Just prior to the pandemic, ESI had become the largest elder-care center in Vermont. The suite of ESI services has helped Addison County seniors remain independent, translating into one of the lowest nursing home placement rates in the state.

“I feel we’ve been doing our part to try to strengthen the community based on long-term care options,” Corbett said. “I think we’re all proud of that.”

But success can be fragile, as ESI officials learned due to forces beyond their control.

“It was really difficult to have achieved our success and our wonderful size, and then be brought to our knees by COVID-19,” Corbett said.

Given the vulnerable population is serves, ESI had to close its doors at the height of the pandemic. While catching COVID might produce a minor cold in a young, able-bodied person, the virus can be fatal for some seniors — particularly the most frail and immune-compromised.

Suddenly, the state’s preeminent senior daycare center was inactive, with no source of income. Bolton said 55% of ESI’s then-140 participants exited Project Independence. Some moved to new locations to be closer to family. Some transitioned to nursing home care. Others passed away.

“It takes a lot to build our business and clientele, and then we had to build all over again,” Corbett said.

But rather than stay shuttered until the Vermont Department of Health issued an “all clear,” ESI temporarily metamorphosized into an all-online service. With great tech support, ESI officials enrolled clients into a variety of virtual classes, seminars and musical performances. It’s a Zoom makeover that continues to allow some homebound seniors to enjoy ESI offerings from the comfort of their homes.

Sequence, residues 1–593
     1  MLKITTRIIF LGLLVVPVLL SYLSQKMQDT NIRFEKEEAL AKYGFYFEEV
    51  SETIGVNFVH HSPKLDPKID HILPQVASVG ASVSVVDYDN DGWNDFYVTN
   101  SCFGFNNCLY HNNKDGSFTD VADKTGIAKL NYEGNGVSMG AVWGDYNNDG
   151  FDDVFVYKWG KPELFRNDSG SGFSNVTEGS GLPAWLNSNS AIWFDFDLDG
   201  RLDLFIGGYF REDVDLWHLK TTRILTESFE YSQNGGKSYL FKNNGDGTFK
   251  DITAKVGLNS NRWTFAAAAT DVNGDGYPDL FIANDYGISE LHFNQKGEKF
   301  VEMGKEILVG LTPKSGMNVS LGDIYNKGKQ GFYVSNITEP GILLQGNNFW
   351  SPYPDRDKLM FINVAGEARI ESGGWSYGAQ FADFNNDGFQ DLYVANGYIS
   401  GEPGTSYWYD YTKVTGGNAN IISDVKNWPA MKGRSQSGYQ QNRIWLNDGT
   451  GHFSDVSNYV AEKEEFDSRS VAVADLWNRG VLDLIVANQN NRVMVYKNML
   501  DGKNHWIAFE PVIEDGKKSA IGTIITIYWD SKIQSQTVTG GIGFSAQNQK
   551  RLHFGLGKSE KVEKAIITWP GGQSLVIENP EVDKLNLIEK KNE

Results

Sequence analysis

It would not have been possible without the veteran leadership of such ESI stalwarts as Corbett, Bolton and Ken Schoen, ESI’s activities director.

Things have largely returned to “normal,” though ESI is unflinching in its dedication to protecting its senior clients. Face masks remain ubiquitous within the ESI building and were worn during this interview.

Corbett is understandably proud of her contributions to ESI and is particularly pleased to have helped assemble a quality workforce, some of whom, like her, have been with the nonprofit for 30-plus years.

“I’ve watched us become a place of middle-aged employees, and now we are a place of a lot of senior citizen employees as we’ve all aged in place at our jobs,” she said. “At this point in time we’re a very good model of older worker success, mixed with a lot of incredible younger workers.”